Saturday, 26 March 2016

Does it make you happy?

A number of agencies, and even countries, have attempted to create measures of 'happiness' - as an alternative to using GDP to value the work undertaken by people.

This needs further work - but shows some promise. Lots of activity is currently not 'caught' in official GDP figures.  The work of volunteers, for example ... or the work of people that goes into 'free' services.  When you use 'free' apps on your smartphone of tablet, your work might be ,more productive - and this might contribute to a 'better' GDP figure .... but often it won't.

The whole point of productivity is to make people more 'wealthy' - but we need to measure wealth in ways that reflects the priorities of citizens and workers.  If people value leisure time over consumer goods, we might prioritise reduced working hours over increased GDP - and we might prefer to measure something like 'well-being' (or even 'happiness') over simple economic activity.

Saturday, 19 March 2016

Level of measurement

The UK Office for National Statistics has just issued time series data for labour productivity across a number of years and for a number of sectors.  Quite interesting (for productivity nerds like me) but ultimately unhelpful in so far as the level of aggregation is so high that it has no effect on behaviour or future performance.

What the government needs to know is ... What do we need to do to make the data move in the right direction?

Interpreting this data - to result in strategy - is difficult.

The old adage - You get what you measure - fails at this level of aggregation.

Saturday, 12 March 2016

First Bahrain

Some of you will now that I have been in Bahrain for the last week helping prepare for the World Productivity Congress which will be held here in November. (see for details.)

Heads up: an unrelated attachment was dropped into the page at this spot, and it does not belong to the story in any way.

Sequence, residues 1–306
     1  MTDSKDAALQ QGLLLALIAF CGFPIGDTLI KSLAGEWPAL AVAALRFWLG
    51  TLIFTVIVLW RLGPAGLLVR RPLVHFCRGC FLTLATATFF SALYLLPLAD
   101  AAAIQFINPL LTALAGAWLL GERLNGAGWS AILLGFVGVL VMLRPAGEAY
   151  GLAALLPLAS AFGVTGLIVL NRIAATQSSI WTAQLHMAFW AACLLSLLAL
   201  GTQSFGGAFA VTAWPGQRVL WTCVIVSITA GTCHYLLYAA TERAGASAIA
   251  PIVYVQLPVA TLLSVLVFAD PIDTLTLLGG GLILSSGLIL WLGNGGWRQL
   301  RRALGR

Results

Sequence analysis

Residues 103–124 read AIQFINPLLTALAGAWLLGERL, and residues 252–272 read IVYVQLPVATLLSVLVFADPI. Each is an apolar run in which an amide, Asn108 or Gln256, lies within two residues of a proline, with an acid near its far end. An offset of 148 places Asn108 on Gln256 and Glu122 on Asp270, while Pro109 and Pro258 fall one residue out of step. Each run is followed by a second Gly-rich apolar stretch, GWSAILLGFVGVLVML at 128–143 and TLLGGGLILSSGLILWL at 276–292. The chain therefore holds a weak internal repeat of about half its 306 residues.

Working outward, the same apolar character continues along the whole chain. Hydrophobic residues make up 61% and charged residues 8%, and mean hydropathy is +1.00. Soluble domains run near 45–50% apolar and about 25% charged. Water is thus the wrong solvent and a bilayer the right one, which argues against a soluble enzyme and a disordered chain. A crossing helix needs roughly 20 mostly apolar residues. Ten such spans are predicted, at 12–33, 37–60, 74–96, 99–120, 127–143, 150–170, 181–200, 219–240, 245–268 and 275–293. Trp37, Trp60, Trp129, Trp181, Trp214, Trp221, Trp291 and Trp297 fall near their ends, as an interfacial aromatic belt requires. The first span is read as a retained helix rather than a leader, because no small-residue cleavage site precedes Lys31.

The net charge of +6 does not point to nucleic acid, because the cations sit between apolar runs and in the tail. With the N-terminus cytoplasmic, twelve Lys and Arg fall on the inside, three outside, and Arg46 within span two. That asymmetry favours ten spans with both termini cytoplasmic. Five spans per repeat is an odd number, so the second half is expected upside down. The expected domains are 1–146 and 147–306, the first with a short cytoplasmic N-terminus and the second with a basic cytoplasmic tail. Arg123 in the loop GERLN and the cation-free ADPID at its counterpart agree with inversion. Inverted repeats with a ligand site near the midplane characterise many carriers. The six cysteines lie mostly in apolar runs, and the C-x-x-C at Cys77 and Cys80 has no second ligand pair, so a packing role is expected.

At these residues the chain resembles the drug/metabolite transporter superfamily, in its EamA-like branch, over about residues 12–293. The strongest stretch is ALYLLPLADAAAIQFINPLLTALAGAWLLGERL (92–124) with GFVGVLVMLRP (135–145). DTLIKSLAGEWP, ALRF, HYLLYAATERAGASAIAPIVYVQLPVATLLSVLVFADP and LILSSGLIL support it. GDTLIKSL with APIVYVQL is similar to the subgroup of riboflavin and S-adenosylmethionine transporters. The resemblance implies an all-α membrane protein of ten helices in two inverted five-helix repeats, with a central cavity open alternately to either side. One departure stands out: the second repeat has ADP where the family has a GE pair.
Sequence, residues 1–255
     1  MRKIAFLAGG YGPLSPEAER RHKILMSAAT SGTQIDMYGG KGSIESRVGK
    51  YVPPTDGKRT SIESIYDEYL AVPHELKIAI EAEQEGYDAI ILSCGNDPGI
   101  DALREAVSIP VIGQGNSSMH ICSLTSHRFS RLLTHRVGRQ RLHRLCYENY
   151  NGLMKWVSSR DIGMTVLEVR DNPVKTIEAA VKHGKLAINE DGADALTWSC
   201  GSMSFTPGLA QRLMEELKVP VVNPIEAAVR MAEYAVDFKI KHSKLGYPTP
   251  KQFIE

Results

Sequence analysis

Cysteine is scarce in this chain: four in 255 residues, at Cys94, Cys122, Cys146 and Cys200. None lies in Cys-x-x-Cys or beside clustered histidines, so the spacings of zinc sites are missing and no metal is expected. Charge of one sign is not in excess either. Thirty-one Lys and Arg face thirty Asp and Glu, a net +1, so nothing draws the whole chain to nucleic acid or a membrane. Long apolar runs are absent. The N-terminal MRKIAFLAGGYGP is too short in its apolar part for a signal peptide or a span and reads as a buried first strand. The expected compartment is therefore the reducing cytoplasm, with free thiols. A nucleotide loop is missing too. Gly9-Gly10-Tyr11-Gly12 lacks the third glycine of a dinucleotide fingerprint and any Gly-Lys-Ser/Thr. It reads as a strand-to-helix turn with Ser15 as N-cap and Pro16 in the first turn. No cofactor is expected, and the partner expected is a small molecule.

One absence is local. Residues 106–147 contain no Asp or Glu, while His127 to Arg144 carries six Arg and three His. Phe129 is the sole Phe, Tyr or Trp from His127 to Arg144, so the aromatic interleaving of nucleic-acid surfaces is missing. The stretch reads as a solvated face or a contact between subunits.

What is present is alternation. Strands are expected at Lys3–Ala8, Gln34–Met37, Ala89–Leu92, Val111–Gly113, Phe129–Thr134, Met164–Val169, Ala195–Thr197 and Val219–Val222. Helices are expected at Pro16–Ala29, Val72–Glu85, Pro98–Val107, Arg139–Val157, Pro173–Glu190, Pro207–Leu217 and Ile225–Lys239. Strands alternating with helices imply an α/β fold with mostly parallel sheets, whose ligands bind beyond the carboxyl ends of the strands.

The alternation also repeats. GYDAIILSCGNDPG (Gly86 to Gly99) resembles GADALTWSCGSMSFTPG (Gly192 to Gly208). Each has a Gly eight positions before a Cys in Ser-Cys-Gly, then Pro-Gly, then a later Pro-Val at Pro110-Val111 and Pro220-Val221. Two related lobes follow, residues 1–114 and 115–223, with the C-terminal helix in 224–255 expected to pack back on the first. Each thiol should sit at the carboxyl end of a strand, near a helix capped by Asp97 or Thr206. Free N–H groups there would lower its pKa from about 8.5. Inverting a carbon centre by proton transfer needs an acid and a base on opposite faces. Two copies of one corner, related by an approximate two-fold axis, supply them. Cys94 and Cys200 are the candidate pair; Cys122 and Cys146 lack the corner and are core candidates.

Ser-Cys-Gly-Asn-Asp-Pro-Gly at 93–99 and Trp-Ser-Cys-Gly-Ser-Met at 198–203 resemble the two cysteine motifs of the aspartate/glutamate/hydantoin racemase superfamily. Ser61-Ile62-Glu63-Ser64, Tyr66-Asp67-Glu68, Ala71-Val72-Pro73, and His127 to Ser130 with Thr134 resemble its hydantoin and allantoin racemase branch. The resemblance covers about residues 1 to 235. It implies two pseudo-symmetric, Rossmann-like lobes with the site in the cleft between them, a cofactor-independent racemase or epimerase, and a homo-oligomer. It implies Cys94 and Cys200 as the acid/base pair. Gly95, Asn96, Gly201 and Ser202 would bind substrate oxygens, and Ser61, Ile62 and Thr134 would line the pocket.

Conversations obviously covered the productivity of Bahrain and its move towards becoming a post-oil economy.  Lots of Bahrainis look at Dubai as a possible model - creating an exciting, vibrant economy without oil revenue.  But Bahrain should not be looking to be a second Dubai - but a first Bahrain.  It has lots of advantages: it is a relatively open, diverse society with a rich history and culture; it has a good technology infrastructure; it has an open economy with no taxes on the movement of capital; most Bahrainis speak English- the international language of business.

What Bahrain has to do now is to find a 'usp' - an area of economic activity that it can make its own and that builds on existing strengths.

We are hoping that the World Productivity Congress will leave a legacy that will help transform Bahrain's economy; the Board of the World Confederation of Productivity Science has offered to facilitate and participate in discussions with Bahrain's leaders and development agencies to further those discussions.

The future starts in November.

Saturday, 5 March 2016

Apologies to my American cousins

I am not a political animal - except insofar as I think I understand the role of government in creating the infrastructure required for productivity development (and have offered advice to quite a few governments over the years).

However, I must day that I am astonished by the current political scene in the USA.

The Republican party seems to be doing its best to tear itself apart.

The only comment I will make on Donald Trump is that, from this distance, he seems to be a 'populist' - telling people what he thinks they want to hear - with little ideology backing up his rhetoric.

Hopefully if he ever got to power, he would moderate some of his views - and take advice from those with more political experience.

I fear if he does not, the USA is in for a period of instability -and falling productivity.